Through the Bible with Les Feldick
LESSON 3 * PART 4 * BOOK 60
ISAIAH 2:3 – 42:6 – PART 2
We’d like to welcome you to an informal Bible study. We don’t claim to have all the answers. And I don’t apologize when people call sometimes and I just have to say, “I don’t know.” There are a lot of things the Scripture does not tell us. There are a lot of things, of course, that I cannot comprehend, but we’re just depending on the Holy Spirit to give us enlightenment and to be able to compare Scripture with Scripture. That’s all I ask people to do. Don’t go by what I say, but compare Scripture with Scripture and if you disagree with me, I always think of an old pastor friend of mine who used to say this, “Well, it’s a free country, you can be wrong if you want to be.”
But no, if you disagree that doesn’t mean you’re wrong, but on the other hand if you disagree, all I ask is that you search the Scriptures and, hopefully, you’ll see where I’m coming from. Also remember, you must rightly divide the Word as Paul was inspired to write. If we’re talking about things in this Grace Age, then you need to be looking for those answers in Paul’s writings, since the risen Lord gave him to the Gentile Body of Christ for our instructions. (Romans 11:13, Acts 9:15, Ephesians 3:2 and many others)
All right, for this last half hour this afternoon, we’re going to jump all the way up to Isaiah chapter 40 and from here we’re even going to jump on up into the New Testament, because I don’t like to stay in the Old Testament too long because after all this is all background. This is for what Paul calls “our learning,” but the very doctrines by which we are to be saved and walk the Christian life have to come from Paul’s epistles as I mentioned before. All right, Isaiah chapter 40 verse 1 and if you’ve ever listened to Handel’s Messiah this will just jump off the page won’t it?
“Comfort ye, comfort ye my people, saith your God.” Well, who are God’s people? Israel. See, this is what we have to constantly remind folks of – that God is dealing only with the nation of Israel so far as the promises are concerned. He deals with the Gentile world only in judgment because of their treatment of His people.
Now, never forget that. Certainly He deals with Babylon. Surely He deals with Moab. He deals with Syria. He deals with Egypt, but never with the promises of these things like He does with Israel.
“Comfort ye, comfort ye my people (Israel) saith your God. 2. Speak ye comfortably to Jerusalem, and cry unto her, that her warfare is accomplished,…” Now, you know it’s amazing, Jerusalem by name is supposed to be the city of what? Peace. Has it been? Never. It’s been in turmoil for as many thousand years as its existence, but the peace of Jerusalem is in the future. You’ve heard me say it; you’ve heard others say it, “Pray daily for the peace of Jerusalem,” because the peace of Jerusalem will come about when? When Christ returns at His Second Coming! And my, if ever there’s a time when believers should be praying that the Lord will come quickly, it’s today.
Oh, I dread to think what the world’s going to see in the next 20 years. Now, I’m going to share these things with people because I read them with my own eyes. A Muslim imam right here in America made this statement not too long ago that by 2020, now that’s not very long, that’s only 16 more years, that by 2020 they expect a Muslim president in the White House and a Muslim majority in Congress. Imagine! We can see it coming unless something puts the brakes on it. All right, so pray for the peace of Jerusalem, the soon return of our Lord and Savior.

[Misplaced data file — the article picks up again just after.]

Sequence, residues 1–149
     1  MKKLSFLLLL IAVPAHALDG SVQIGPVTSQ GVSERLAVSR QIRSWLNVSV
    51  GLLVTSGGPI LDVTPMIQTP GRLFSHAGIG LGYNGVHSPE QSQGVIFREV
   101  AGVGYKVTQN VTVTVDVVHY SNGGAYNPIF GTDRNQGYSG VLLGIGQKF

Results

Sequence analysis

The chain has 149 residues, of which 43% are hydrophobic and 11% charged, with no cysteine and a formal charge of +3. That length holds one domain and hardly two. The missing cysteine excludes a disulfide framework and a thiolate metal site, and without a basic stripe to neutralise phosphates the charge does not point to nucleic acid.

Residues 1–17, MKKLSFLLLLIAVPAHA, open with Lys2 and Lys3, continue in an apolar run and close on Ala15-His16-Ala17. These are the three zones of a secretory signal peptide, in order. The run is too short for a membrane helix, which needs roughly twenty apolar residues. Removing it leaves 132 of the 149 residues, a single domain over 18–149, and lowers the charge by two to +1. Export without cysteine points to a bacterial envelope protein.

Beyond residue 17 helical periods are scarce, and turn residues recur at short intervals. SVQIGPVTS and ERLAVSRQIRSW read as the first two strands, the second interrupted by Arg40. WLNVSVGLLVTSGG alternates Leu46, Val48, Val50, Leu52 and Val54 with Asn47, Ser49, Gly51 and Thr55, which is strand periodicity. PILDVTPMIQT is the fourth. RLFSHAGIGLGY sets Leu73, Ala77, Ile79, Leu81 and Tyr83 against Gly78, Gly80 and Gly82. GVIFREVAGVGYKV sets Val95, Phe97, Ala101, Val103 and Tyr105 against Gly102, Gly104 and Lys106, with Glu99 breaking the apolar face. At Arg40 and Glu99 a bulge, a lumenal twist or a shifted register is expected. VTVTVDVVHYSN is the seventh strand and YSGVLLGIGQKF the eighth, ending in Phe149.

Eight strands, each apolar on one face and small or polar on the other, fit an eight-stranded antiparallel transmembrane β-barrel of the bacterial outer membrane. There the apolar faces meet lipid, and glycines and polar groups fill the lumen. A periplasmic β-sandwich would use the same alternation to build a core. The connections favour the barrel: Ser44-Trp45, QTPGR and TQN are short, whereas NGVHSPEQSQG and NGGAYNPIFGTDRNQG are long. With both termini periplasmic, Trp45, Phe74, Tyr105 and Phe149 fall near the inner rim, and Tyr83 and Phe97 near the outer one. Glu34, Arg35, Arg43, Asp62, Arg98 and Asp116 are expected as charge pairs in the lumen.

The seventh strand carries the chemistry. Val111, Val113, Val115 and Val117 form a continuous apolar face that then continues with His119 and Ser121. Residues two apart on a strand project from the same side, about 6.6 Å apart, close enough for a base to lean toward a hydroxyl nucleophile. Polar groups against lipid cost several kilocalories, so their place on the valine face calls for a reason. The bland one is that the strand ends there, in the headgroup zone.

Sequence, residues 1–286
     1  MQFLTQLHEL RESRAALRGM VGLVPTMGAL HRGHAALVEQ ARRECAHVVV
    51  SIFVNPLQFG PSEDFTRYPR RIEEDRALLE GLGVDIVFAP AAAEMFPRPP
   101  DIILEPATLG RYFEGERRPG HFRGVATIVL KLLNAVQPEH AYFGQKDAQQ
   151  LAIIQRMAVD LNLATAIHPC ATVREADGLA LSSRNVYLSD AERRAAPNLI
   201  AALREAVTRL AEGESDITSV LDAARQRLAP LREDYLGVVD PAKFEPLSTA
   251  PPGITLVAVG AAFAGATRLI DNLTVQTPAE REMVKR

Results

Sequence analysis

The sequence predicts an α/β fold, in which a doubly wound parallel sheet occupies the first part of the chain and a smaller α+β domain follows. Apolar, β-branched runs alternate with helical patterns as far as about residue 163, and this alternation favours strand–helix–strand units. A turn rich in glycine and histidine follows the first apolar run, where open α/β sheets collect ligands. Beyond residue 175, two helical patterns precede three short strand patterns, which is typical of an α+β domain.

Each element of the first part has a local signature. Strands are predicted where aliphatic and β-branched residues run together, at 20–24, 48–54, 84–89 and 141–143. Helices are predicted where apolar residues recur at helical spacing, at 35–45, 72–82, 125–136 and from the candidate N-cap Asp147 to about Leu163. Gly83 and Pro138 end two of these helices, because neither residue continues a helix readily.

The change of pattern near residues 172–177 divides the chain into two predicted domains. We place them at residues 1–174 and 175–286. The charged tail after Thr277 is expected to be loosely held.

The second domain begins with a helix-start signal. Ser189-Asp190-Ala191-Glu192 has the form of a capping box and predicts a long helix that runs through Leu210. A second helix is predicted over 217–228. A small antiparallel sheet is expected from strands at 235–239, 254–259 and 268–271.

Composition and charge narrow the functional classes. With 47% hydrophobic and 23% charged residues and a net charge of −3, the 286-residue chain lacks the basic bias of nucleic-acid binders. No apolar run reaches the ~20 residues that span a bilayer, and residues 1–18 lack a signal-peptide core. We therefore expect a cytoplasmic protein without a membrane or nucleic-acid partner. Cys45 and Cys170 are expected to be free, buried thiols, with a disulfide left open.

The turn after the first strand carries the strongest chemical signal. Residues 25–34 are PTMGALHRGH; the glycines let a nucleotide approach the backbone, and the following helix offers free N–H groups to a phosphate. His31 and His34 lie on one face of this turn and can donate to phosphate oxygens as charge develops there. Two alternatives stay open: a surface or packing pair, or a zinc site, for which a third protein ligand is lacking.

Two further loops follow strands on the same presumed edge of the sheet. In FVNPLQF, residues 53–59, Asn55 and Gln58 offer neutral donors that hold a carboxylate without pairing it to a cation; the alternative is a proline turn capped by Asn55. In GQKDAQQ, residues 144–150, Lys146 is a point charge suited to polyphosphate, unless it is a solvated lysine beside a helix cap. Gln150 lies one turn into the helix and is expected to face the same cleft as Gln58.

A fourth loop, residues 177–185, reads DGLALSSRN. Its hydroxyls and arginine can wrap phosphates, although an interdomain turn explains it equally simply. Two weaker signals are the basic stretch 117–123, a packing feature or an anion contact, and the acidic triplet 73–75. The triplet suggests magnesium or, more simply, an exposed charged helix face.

“…that her warfare is accomplished, and that her iniquity is pardoned: for she hath received of the LORD’s hand double for all her (what?) sin.” You know, I think I’ve shared it with this audience a long time ago – a couple of years ago one of the major call in talk shows in Tel Aviv, in Israel, had one of their major Rabbi’s as their guest on the talk show. He made the statement that Israel’s problems are usually the result of their sin. And what happened? The phone lines got jammed with angry Israelites who maintain that had nothing to do with it. It isn’t sin! They cannot see it, but the Scripture is full of it. It’s man’s sin that brings on all of his problems and Israel in particular. All right, so “Jerusalem has actually received double her problems because of Israel’s sin.”
“The voice of him that crieth in the wilderness, Prepare ye the way of the LORD, make straight in the desert a highway for our God.” Who is it referring to? John the Baptist. He’s a prophesied Old Testament prophet, and that’s why I have made the statement and it shakes people up – that the four Gospel’s are just an extension of all this. It begins with the appearance of this promised Old Testament prophet, John the Baptist, quoting what he’s going to be crying. And so Christ’s earthly ministry is just an extension of all this.
Nothing has changed. They’re still under the Temple worship. Never does Jesus tell anybody to stop keeping the Law. He never tells the Jew to stop sacrificial worship. It’s just the same, the only difference is that the promised King is in their midst promising the Kingdom if they would just believe it.
Now, I’m going to come to this in a few moments. The Kingdom was available. He was there to offer it. Now, I know the first question that comes up, “Well, then He couldn’t have been crucified.” Well, leave that with God’s Sovereignty. He makes a valid offer that they could have the King and the Kingdom and in His Omnipotence, in His Sovereignty, He could have brought about the crucifixion any way He wanted. But the valid offer to Israel was – it’s right out in front of you. It’s yours if you can believe it. But that was their problem. They couldn’t.
“Every valley shall be exalted. (John the Baptist continuing on) and every mountain and hill shall be made low: the crooked shall be made straight, and the rough places plain.”Now, that’s all symbolic language of what the King and this glorious Kingdom would accomplish for the nation of Israel.
“And the glory of the LORD shall be revealed, and all flesh shall see it together:…” Now, it’s just like the Mosaic Law, now let me show you. Keep your hand in Isaiah. Jump all the way up to Romans. Now, I didn’t intend to do this, so I have to feel this is the leading of the Spirit for one reason or another. But jump up to Romans chapter 3, you’ve got the same analogy, that yes, God is dealing with Israel, but it’s not stopping at Israel’s borders. It’s going to the whole world.